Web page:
Ecallantide (Kalbitor) is a 60 amino-acid recombinant protein synthesized in the Pichia pastoris strain of yeast. It binds specifically to plasma kallikrein, inhibiting its activity. As a result, kallikrein is unable to cleave high-molecular-weight kininogen to release bradykinin, one of the key effector molecules leading to symptoms in hereditary angioedema.
Ecallantide is administered subcutaneously. It must be administered in a healthcare setting due to an anaphylaxis rate of 3.9% of treated patients.
In 2009, ecallantide was approved by the FDA for the treatment of acute attacks of hereditary angioedema in patients 16 years of age and older. It has been shown to be effective in improving symptoms of an acute attack within 4 hours of administration and decreasing the need for additional medical intervention 24 hours after administration. More recently, ecallantide has also been shown to be effective in ACE inhibitor-induced angioedema. In 2014, the FDA approved an expansion of the indication of ecallantide to include patients 12 years of age and older. Plasma-derived C1INH, recombinant C1INH, and ecallantide are the only agents license for the treatment of pediatric patients. Ecallantide is also effective in the prevention of blood loss from cardiothoracic surgery.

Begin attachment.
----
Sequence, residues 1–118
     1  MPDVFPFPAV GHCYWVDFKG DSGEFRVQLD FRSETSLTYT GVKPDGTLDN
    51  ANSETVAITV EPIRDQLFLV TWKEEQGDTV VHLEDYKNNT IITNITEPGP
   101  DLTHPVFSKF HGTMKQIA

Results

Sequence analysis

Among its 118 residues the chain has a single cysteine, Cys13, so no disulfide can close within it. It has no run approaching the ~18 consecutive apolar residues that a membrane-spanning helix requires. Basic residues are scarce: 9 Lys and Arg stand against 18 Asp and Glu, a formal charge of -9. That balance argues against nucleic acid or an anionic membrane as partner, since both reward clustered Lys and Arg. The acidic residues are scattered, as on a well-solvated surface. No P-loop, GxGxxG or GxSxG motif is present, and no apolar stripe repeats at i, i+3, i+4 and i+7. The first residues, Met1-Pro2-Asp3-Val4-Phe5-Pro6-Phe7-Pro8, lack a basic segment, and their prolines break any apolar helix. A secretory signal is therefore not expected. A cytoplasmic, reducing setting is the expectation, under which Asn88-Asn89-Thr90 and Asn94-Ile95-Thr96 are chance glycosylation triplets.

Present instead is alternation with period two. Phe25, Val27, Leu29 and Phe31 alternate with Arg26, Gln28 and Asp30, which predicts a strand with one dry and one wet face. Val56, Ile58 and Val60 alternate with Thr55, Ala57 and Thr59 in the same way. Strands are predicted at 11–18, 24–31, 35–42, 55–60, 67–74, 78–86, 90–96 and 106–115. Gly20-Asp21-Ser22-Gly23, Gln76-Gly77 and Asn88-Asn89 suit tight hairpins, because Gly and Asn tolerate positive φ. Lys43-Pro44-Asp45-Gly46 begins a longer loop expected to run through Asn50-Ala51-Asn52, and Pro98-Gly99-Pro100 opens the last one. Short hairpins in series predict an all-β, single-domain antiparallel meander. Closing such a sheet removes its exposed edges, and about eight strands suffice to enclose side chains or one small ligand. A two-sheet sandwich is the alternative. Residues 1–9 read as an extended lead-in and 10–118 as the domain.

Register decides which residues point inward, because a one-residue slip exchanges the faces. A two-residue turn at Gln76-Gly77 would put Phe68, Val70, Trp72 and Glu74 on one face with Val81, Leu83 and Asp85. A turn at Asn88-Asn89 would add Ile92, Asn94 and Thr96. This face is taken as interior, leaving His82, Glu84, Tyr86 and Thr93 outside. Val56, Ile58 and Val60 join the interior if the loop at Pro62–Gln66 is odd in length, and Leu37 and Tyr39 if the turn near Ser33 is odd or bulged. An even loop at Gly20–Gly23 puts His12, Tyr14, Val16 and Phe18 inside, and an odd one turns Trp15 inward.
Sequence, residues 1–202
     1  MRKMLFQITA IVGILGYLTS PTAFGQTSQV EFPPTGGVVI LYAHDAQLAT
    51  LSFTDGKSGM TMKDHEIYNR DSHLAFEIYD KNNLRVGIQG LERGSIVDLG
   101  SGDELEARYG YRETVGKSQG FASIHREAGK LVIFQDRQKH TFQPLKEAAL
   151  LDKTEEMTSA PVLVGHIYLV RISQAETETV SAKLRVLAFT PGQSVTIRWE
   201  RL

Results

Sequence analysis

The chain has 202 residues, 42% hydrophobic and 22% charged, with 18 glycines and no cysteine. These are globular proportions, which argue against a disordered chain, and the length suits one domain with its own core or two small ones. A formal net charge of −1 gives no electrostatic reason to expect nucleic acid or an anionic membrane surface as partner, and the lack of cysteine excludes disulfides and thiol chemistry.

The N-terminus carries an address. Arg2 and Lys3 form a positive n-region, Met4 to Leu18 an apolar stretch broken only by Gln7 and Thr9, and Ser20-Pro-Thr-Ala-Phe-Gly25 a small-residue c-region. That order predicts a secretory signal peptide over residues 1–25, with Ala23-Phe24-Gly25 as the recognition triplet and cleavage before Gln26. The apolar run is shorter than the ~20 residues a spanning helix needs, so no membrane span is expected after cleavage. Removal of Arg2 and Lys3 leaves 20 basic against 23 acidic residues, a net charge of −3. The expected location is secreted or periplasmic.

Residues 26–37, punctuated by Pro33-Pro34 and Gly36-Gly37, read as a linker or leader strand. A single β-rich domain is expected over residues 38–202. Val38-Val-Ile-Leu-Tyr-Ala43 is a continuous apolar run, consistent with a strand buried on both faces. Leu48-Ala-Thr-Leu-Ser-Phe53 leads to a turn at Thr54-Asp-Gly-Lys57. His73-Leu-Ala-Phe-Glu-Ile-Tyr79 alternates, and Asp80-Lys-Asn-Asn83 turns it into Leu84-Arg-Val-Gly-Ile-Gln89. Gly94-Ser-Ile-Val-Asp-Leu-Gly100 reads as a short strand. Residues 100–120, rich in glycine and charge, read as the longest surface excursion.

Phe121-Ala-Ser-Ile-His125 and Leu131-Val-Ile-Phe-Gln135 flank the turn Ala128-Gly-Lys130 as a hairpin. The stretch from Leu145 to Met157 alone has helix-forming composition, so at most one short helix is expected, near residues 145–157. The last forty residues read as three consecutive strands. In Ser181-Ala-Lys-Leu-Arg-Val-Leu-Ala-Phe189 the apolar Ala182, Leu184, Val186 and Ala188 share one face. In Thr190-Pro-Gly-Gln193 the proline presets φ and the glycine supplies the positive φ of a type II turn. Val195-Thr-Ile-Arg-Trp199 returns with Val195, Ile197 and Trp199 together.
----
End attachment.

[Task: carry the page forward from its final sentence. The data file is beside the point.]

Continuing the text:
In addition to anaphylaxis, adverse reactions to ecallantide include headache, nausea, fatigue, diarrhea, upper respiratory tract infection, injection site reactions, nasopharyngitis, vomiting, pruritus, abdominal pain, and pyrexia.